its methods from another class package by listing the other
     package name in its @ISA array.  For more on this, see the
     perlobj manpage.

     Perl Modules

     In Perl 5, the notion of packages has been extended into the
     notion of modules.  A module is a package that is defined in
     a library file of the same name, and is designed to be
     reusable.  It may do this by providing a mechanism for
     exporting some of its symbols into the symbol table of any
     package using it.  Or it may function as a class definition
     and make its semantics available implicitly through method
     calls on the class and its objects, without explicit
     exportation of any symbols.  Or it can do a little of  both.

     Perl modules are included by saying

         use Module;

     or

         use Module LIST;

     This is exactly equivalent to

         BEGIN { require "Module.pm"; import Module; }

     or

         BEGIN { require "Module.pm"; import Module LIST; }

     All Perl module files have the extension .pm.  use assumes
     this so that you don't have to spell out "Module.pm" in
     quotes.  This also helps to differentiate new modules from
     old .pl and .ph files.  Module names are also capitalized
     unless they're functioning as pragmas, "Pragmas" are in
     effect compiler directives, and are sometimes called
     "pragmatic modules" (or even "pragmata" if you're a
     classicist).

     Because the use statement implies a BEGIN block, the
     importation of semantics happens at the moment the use
     statement is compiled, before the rest of the file is


     compiled.  This is how it is able to function as a pragma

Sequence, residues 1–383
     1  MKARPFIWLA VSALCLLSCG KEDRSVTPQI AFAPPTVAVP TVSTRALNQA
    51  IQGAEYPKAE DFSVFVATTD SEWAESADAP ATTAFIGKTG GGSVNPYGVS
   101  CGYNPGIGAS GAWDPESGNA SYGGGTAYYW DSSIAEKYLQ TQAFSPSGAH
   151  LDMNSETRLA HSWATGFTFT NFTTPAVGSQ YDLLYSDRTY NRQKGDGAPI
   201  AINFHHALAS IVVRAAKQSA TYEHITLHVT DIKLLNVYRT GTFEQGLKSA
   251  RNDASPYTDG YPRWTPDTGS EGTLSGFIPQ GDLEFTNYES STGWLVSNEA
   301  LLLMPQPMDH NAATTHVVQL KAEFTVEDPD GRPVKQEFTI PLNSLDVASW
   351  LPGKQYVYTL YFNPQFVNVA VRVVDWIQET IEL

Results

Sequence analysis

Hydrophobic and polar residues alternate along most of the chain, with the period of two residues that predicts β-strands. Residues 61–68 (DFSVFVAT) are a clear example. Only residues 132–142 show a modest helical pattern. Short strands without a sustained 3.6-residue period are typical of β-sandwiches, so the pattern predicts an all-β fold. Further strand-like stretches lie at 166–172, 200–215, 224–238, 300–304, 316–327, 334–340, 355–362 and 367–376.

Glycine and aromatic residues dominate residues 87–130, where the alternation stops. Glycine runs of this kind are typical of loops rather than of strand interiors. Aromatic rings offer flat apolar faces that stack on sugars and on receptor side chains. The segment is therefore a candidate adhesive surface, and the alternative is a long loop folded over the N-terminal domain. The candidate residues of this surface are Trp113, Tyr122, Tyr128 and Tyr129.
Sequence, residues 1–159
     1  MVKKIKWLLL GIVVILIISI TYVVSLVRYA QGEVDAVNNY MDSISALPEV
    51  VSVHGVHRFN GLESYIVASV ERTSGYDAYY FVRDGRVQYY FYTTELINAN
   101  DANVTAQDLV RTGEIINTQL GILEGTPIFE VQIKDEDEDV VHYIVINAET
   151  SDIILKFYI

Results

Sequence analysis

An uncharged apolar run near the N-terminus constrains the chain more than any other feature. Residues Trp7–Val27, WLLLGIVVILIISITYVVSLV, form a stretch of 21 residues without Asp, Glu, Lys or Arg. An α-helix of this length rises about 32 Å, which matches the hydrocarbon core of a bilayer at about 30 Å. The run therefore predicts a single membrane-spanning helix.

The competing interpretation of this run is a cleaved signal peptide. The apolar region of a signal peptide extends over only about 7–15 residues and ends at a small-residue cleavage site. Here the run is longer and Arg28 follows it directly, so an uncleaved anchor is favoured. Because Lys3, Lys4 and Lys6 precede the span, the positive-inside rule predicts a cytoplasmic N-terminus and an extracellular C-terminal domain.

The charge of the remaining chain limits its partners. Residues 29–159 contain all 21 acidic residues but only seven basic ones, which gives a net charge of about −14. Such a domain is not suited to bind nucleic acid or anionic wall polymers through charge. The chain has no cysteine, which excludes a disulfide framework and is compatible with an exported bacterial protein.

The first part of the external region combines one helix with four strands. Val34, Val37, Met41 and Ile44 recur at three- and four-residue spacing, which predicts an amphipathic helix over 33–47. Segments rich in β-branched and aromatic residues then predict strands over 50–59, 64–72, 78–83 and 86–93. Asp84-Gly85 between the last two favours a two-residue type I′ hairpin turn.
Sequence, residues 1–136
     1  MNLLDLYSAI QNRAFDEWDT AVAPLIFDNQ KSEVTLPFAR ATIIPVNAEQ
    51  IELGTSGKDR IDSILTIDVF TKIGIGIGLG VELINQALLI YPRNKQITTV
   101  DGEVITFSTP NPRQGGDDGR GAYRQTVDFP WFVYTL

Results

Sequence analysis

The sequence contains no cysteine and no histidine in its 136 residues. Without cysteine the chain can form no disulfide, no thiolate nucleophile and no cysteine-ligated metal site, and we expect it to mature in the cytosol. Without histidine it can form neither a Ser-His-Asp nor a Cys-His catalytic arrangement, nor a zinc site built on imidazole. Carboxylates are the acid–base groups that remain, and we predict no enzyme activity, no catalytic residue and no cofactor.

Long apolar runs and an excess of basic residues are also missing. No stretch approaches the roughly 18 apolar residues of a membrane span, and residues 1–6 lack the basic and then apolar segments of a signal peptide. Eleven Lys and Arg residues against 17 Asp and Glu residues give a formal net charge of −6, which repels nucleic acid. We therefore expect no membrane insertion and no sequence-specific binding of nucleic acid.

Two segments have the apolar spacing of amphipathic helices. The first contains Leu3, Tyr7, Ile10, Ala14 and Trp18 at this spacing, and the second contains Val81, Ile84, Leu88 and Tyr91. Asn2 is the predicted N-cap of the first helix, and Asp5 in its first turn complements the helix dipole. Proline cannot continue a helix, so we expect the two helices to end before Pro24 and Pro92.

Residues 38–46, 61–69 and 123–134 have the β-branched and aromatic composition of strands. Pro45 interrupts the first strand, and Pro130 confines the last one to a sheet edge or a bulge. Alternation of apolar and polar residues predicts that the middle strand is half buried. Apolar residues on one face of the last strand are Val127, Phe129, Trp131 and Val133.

mechanism, and also how modules are able to declare
     subroutines that are then visible as list operators for the
     rest of the current file.  This will not work if you use
     require instead of use.  Therefore, if you're planning on
     the module altering your namespace, use use; otherwise, use
     require.  Otherwise you can get into this problem:

         require Cwd;                # make Cwd:: accessible
         $here = Cwd::getcwd();

         use Cwd;                    # import names from Cwd::
         $here = getcwd();

         require Cwd;                # make Cwd:: accessible
         $here = getcwd();           # oops! no main::getcwd()

     Perl packages may be nested inside other package names, so
     we can have package names containing ::.  But if we used
     that package name directly as a filename it would makes for
     unwieldy or impossible filenames on some systems.
     Therefore, if a module's name is, say, Text::Soundex, then
     its definition is actually found in the library file
     Text/Soundex.pm.

     Perl modules always have a .pm file, but there may also be
     dynamically linked executables or autoloaded subroutine
     definitions associated with the module.  If so, these will
     be entirely transparent to the user of the module.  It is
     the responsibility of the .pm file to load (or arrange to
     autoload) any additional functionality.  The POSIX module
     happens to do both dynamic loading and autoloading, but the
     user can just say use POSIX to get it all.

     For more information on writing extension modules, see the
     perlapi manpage and the perlguts manpage.

NOTE
     Perl does not enforce private and public parts of its
     modules as you may have been used to in other languages like
     C++, Ada, or Modula-17.  Perl doesn't have an infatuation
     with enforced privacy.  It would prefer that you stayed out